How Hard Is It To Buy A House In California?
It's Harder to Buy a House in California Than Any Other U.S. State
First-time homebuyers just got some bad news: California was tied up as the toughest state in the U.S. to buy a home.
This report is from an analyst with Bankrate.com, Claes Bell. In an interview with the Los Angeles Times, Bell said the rank of California can be partly due to the high percentage of Californians' income spending on housing – at 35.2 percent, compared to the 19.4 percent national average. Bell said the cost of housing should generally be less than 28 percent of the gross income of an individual.
By Basil D Soufi - Own work, CC BY-SA 3.0, https://commons.wikimedia.org/w/index.php?curid=22023379
Gary Painter, a USC public policy professor focused on homeownership and housing markets, said the peculiar situation in California pushes home prices up, thus restricting development opportunities.
"[In California] there are environmental amenities – the beaches and the mountains – that actually make developing housing in every direction impossible, and also makes living in California a premium," Painter said. "So there's a lot of people from around the world who want to live here, either full-time or part-time, and that places extra demands on the housing market."
High housing prices could cause young people and even families to rent out residences instead of buying them outright. A recent study found that almost 54 percent of residents are renters in Los Angeles. It is the nation's fourth-highest average, and families occupy more than 60 per cent of those rented homes.
"In the Los Angeles region in particular, it is becoming more and more expensive to have close access to the amenities that everyone wants, such as access to jobs and cultural amenities," Painter said. "Young adults have to make some trade-offs. Their incomes are not as high when they first enter their career, so they either are going to have to buy less housing or they're going to have to decide to live further away from the kinds of amenities they prefer."
Some of the young people who can afford to purchase a house end up regretting it. NerdWallet, a website that provides free financial resources and advice, recently released its Home Buyer Reality Survey, which states that about 60 percent of millennial and Generation X homeowners expressed regret and "would do things differently the next time around in the home-buying process." Just 38 percent of baby boomers said they regretted doing the same thing.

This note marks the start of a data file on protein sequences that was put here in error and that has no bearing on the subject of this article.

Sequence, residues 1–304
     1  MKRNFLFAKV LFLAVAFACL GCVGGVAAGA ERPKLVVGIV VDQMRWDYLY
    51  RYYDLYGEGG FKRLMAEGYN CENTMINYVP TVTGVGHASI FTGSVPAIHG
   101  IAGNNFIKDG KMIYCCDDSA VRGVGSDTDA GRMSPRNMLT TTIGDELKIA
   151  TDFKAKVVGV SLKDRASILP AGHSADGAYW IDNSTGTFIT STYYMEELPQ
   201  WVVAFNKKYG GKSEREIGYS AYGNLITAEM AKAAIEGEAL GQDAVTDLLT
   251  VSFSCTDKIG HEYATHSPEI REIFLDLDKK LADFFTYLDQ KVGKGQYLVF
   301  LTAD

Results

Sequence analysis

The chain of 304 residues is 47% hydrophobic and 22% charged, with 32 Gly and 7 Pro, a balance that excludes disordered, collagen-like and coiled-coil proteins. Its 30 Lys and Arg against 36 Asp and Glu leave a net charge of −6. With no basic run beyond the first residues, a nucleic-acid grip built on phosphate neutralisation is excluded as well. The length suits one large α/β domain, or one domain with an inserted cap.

Painter states that the problems facing young would-be homebuyers are not all that different from their older counterparts – in fact they all have to choose what they want, larger spaces or better places.
Real estate agent Andy May says millennials are more interested in living in good, walkable neighborhoods in smaller houses, rather than fancy homes with high-end fittings. However, in the areas they are searching for, such as Silver Lake, Echo Park and Los Feliz and similar communities, it is hard to find accessible properties that go for less than $500,000.
When inventory declines and rates increase, one of the most important variables in the home purchasing process may be the down payment on a home itself. So, May says, he's witnessed millennials purchasing condos as an alternative, because for young adults straight out of college, those prices are too hard to reach.
"If you want to put down for a house, the average home in Los Angeles County sells for about $550,000 so if you're going to put 20 percent down, that's almost $100,000," May said. "If you have student loans, that impacts your ability to purchase a home, so very few millennials are putting 20 percent down. You can still buy a house with as low as 3 percent, but loans are harder to get."
Anthony Amorelli used to live in Los Angeles but relocated to San Francisco only recently. Los Angeles also has more affordable housing, he said, than San Francisco, where there is a considerably more crowded housing market.
"It's kind of intimidating going out there and not being able to afford something," Amorelli said, "[especially in] an area that you think you should be able[to afford to] to live in."